Ranked in the back end of the O’s top 30 at the time of the trade, now Bradish is among the O’s top 10, and the velocity bump obviously did not hurt that.
“Yeah, definitely,” he said. “Coming out of college, I think I was maybe hitting 96 (mph) at my max, but usually sitting low 90s. In 2019, my first season with the Angels, I don’t know what the deal was, but I was throwing slower than in college. Coming to the Orioles, I got a really good offseason program and then with the COVID shutdown (of 2020) I just really hit the weight room hard. And tried to clean up my mechanics a little bit and it paid off. There were multiple factors (to improve velocity), but having that COVID shutdown kind of gave you an extra offseason. So I tried to run with that and get as much work in as possible. Then cleaning up mechanics was another factor.”
Bradish was a three-year starter at New Mexico State and the Angels drafted him in round four of 2018. He pitched in high Single-A ball in the 2019 season, then made nice strides for the Orioles in 2020 at the alternate camp in Bowie.
I asked for his take on the Orioles pitching program and what they seek from their young pitchers on the farm.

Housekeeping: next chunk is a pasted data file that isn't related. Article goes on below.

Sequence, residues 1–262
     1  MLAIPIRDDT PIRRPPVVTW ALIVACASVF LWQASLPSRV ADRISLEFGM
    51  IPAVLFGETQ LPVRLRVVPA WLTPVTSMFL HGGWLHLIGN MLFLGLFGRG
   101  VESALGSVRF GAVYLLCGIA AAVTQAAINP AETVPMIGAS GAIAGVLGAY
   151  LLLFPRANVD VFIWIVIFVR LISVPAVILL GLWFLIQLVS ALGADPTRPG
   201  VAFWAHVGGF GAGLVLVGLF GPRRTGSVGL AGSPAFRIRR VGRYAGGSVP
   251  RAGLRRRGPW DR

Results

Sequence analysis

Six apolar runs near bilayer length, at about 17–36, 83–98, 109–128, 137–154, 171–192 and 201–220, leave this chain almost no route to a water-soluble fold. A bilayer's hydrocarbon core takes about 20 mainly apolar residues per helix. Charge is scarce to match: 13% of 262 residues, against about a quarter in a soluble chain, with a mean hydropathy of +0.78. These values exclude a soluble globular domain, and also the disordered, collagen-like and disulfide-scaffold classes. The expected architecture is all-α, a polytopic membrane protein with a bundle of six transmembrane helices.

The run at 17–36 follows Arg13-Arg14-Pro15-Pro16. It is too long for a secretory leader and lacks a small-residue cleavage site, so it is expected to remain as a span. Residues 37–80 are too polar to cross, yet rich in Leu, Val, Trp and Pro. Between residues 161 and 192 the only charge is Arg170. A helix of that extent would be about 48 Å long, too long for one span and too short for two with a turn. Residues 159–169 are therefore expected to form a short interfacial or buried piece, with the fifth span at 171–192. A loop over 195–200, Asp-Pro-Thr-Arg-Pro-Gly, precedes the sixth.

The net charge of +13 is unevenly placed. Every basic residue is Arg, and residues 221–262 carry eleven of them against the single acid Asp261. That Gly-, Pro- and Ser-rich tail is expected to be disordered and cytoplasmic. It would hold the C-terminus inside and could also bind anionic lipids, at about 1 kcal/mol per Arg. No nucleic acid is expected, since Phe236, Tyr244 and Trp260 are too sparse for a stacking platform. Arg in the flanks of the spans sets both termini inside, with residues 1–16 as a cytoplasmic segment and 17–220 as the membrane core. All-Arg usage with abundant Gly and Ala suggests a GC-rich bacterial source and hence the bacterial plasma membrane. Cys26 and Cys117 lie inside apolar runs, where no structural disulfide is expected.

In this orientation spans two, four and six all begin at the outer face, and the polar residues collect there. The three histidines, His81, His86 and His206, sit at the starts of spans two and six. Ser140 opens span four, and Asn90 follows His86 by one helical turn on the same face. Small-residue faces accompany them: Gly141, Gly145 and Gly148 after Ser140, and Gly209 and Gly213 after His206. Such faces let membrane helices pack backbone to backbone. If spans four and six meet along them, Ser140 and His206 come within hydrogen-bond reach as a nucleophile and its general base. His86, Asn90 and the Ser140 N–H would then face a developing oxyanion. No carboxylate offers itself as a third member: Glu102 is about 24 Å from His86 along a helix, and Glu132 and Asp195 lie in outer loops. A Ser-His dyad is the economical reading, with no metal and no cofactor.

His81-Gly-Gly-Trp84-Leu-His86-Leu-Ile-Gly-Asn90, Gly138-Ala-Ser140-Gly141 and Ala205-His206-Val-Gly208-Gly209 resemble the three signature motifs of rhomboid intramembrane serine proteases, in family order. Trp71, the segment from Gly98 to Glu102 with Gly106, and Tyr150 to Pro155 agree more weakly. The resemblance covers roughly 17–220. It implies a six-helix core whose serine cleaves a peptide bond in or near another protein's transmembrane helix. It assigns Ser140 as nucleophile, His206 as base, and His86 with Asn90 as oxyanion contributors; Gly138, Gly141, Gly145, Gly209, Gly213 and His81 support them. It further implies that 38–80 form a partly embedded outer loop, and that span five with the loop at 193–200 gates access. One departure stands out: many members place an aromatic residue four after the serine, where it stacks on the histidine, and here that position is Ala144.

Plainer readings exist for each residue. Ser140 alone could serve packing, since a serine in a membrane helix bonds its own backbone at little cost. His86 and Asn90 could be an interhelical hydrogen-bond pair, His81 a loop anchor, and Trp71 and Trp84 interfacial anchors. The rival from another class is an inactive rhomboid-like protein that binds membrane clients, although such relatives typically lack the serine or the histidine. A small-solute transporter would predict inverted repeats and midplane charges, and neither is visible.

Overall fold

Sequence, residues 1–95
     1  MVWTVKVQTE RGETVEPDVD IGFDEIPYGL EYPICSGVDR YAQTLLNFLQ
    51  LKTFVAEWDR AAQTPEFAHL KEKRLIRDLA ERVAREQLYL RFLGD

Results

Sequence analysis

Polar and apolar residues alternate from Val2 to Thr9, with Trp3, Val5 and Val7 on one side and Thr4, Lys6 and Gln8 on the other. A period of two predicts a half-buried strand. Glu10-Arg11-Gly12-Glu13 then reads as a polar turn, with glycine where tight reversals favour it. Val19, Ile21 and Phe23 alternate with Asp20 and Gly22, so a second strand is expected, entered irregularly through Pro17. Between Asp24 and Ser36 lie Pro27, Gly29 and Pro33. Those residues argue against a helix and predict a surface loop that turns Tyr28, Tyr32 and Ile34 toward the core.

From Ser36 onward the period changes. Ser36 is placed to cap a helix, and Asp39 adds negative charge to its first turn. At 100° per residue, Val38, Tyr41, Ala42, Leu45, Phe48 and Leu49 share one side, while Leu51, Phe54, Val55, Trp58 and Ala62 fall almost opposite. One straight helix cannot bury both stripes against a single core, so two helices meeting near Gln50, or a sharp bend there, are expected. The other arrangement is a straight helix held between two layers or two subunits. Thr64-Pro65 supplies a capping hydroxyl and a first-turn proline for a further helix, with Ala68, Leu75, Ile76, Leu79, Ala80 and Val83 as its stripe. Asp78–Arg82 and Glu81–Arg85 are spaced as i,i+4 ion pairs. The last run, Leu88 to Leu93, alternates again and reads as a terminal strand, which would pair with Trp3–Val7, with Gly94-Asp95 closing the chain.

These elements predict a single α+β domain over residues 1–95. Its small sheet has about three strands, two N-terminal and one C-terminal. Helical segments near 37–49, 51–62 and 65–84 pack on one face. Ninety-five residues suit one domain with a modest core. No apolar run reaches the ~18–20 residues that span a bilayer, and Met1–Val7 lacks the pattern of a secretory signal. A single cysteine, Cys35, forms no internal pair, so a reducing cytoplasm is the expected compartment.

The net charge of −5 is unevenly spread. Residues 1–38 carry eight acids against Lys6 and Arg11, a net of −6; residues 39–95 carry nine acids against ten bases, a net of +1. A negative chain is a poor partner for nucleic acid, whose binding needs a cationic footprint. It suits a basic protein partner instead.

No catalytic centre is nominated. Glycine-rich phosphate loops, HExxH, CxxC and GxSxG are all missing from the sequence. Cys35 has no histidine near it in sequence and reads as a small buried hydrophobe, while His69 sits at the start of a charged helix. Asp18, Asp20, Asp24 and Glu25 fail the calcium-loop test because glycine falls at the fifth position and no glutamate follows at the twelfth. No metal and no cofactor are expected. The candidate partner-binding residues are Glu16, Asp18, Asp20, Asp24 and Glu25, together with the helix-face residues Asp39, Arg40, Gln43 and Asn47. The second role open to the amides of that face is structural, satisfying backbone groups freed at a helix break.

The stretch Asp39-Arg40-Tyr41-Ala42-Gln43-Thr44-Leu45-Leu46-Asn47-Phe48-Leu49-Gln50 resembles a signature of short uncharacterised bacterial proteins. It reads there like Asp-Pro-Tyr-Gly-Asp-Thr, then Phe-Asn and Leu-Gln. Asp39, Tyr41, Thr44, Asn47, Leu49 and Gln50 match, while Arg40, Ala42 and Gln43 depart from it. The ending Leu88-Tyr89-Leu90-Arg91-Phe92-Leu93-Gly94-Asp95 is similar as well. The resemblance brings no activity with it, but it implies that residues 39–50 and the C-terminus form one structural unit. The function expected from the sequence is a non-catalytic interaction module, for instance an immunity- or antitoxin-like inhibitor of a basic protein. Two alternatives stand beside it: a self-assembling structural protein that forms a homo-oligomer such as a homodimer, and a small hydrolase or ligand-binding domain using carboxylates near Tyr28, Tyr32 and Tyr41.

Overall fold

“I think the big thing with why you are seeing the success with younger pitchers is just kind of the overall communication and teamwork throughout the org from the top down,” BRadish said. “Holty (Chris Holt, O’s pitching coach/director of pitching) does a really good job, communicating with the pitchers as well as the pitching coaches throughout the organization. But, yeah, I think the big thing with us is they like us to do what we do (well) and do it often. So they are not trying to change with what we do. I know I’m a little different the way I throw, just from over the top and my fastball has a little cut to it. But they embraced that when I came over, which gave me a confidence boost, and they told me to go out and do me basically.”
Bradish’s over-the-top delivery is unique in the sport today and gives him an edge in that hitters don’t often see such a delivery. He is an outlier simply in how he delivers the baseball.
“My arm slot has kind of always been over the top like that. I think it goes back to me playing football quarterback when I was younger. Made some tweaks in college and kind of took off from there,” he said.
Bradish said he will resume throwing this week in Arizona, so begin a long-toss program and resume throwing bullpens probably in early January. He works out there with some pitchers with big league experience, including Zach Plesac, Sean Doolittle and Drew Smyly.
Barring a real surprise, in the coming weeks, Bradish should find out he will be added to the Orioles 40-man roster and he will begin a run at a big league spot next spring in Sarasota.
“That would be awesome. I’m hoping that does come true. This system has been great to me so hopefully I get added. It would be an honor and makes you want to work even harder,” he said.
Check out the full Zoom interview here with Bradish: